Today's must-read housing story comes in this front page Wall Street Journal report about families in Palmdale, California walking away from their big underwater homes (and monstrous mortgages) to go rent the house down the street for half the monthly payment.
Schoolteacher Shana Richey misses the playroom she decorated with Glamour Girl decals for her daughters. Fireman Jay Fernandez misses the custom putting green he installed in his backyard.
But ever since they quit paying their mortgages and walked away from their homes, they've discovered that giving up on the American dream has its benefits.
Both now live on the 3100 block of Club Rancho Drive in Palmdale, where a terrible housing market lets them rent luxurious homes -- one with a pool for the kids, the other with a golf-course view -- for a fraction of their former monthly payments.
"It's just a better life. It really is," says Ms. Richey. Before defaulting on her mortgage, she owed about $230,000 more than the home was worth.
People's increasing willingness to abandon their own piece of America illustrates a paradoxical change wrought by the housing bust: Even as it tarnishes the near-sacred image of home ownership, it might be clearing the way for an economic recovery.
Well, that's one way to get the housing market back to more normal price levels - take the decision out of the hands of the U.S. government via their various mortgage modification programs and give the property directly back to the banks.
It looks like "strategic defaults" could be the next big development in the U.S. housing market, at least according to this report in HousingWire the other day on a recent study of the subject - they're on the rise, now accounting for about a quarter of all mortgage defaults. Thanks to a rare confluence of factors -- mortgages that far exceed home values and bargain-basement rents -- a growing number of families are concluding that the new American dream home is a rental. Analysts at Deutsche Bank Securities expect 21 million U.S. households to end up owing more on their mortgages than their homes are worth by the end of 2010. If one in five of those households defaults, the losses to banks and investors could exceed $400 billion. As a proportion of the economy, that's roughly equivalent to the losses suffered in the savings-and-loan debacle of the late 1980s and early 1990s.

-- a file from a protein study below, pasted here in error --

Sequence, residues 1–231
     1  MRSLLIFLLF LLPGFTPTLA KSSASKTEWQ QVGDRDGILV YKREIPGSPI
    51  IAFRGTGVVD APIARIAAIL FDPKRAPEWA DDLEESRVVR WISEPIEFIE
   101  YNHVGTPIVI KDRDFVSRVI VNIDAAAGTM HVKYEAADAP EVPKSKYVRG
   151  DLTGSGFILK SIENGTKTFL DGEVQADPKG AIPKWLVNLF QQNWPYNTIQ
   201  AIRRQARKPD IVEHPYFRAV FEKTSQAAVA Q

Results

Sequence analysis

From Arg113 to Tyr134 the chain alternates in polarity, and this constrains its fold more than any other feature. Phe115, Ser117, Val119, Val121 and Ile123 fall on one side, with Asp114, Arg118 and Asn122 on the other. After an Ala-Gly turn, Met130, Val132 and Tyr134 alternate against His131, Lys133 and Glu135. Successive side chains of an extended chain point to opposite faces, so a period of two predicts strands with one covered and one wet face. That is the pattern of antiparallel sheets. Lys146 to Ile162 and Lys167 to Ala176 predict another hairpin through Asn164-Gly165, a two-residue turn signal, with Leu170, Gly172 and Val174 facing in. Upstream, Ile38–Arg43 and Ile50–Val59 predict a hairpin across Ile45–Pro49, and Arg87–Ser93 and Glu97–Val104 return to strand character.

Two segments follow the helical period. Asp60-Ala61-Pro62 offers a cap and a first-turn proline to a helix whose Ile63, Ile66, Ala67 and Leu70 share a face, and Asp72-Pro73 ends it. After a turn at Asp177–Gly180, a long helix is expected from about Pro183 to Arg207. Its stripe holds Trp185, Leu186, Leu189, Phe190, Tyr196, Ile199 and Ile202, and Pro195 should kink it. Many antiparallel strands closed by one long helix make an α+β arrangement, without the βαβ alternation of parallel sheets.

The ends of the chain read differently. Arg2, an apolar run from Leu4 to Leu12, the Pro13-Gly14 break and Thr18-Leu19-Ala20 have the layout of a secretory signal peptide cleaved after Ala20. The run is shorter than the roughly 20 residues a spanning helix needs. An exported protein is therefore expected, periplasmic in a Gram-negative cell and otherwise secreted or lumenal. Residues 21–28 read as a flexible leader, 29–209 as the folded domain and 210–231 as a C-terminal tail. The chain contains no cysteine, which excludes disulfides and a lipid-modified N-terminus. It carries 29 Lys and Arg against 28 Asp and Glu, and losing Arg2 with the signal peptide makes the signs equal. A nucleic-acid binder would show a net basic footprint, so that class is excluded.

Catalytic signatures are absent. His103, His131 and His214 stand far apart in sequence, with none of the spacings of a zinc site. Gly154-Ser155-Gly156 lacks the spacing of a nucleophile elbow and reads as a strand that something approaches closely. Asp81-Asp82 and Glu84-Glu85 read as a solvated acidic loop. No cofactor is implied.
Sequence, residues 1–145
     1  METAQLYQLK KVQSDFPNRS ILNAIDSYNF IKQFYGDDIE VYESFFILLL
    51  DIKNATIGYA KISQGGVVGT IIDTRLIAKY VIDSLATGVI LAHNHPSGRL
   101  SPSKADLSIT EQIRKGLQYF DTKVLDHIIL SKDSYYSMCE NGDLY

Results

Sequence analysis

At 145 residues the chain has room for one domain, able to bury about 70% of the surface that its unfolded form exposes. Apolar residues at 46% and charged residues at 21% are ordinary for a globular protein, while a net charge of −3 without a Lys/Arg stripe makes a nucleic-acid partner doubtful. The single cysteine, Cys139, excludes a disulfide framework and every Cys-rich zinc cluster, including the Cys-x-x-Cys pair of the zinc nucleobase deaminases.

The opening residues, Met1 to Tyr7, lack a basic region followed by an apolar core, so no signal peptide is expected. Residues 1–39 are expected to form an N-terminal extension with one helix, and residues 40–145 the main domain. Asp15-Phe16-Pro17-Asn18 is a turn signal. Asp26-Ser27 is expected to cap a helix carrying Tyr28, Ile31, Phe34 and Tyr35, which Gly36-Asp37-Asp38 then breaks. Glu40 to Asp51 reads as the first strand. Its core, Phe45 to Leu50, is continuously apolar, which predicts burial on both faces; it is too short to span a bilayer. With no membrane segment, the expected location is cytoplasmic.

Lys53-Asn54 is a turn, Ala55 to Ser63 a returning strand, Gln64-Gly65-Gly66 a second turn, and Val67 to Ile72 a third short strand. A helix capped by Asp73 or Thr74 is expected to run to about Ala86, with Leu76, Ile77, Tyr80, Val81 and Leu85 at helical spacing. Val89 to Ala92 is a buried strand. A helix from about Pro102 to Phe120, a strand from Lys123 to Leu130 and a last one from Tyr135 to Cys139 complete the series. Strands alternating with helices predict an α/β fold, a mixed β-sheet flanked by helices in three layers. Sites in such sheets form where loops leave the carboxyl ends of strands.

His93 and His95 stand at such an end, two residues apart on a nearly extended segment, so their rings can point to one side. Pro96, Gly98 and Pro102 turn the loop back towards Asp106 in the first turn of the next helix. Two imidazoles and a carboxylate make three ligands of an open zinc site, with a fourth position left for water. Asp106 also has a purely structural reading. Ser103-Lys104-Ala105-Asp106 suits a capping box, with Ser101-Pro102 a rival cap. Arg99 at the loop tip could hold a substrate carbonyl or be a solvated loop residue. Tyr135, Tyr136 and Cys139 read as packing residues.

Those of you who recall my housing story, as told here a year or two ago, might remember that we too lived in Palmdale, California at one point, 20 years ago.
It's pretty amazing too see how home prices have changed there over the years.
For what seemed like forever, you could get a decent sized house out there - some 40 miles away from the San Fernando Valley, just north of Los Angeles - for $99K or less.
Then, when the late-1980s California housing boom really got going, even a modest place would go for $150K to $170K - that's when we bought our first home.
Once this first housing bust ran its course in the mid-1990s, homes that went for $150K to $170K at the peak fetched under $100K again.